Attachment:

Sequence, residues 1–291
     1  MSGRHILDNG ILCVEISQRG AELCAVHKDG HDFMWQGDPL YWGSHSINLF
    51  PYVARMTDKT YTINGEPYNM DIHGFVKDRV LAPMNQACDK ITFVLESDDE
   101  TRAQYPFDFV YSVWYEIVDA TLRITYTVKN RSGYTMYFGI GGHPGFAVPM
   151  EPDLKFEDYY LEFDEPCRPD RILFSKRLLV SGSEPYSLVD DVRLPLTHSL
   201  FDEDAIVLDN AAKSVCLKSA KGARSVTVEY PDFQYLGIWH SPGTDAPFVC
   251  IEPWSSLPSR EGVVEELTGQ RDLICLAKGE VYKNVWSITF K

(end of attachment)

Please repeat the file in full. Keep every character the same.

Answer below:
Sequence, residues 1–291
     1  MSGRHILDNG ILCVEISQRG AELCAVHKDG HDFMWQGDPL YWGSHSINLF
    51  PYVARMTDKT YTINGEPYNM DIHGFVKDRV LAPMNQACDK ITFVLESDDE
   101  TRAQYPFDFV YSVWYEIVDA TLRITYTVKN RSGYTMYFGI GGHPGFAVPM
   151  EPDLKFEDYY LEFDEPCRPD RILFSKRLLV SGSEPYSLVD DVRLPLTHSL
   201  FDEDAIVLDN AAKSVCLKSA KGARSVTVEY PDFQYLGIWH SPGTDAPFVC
   251  IEPWSSLPSR EGVVEELTGQ RDLICLAKGE VYKNVWSITF K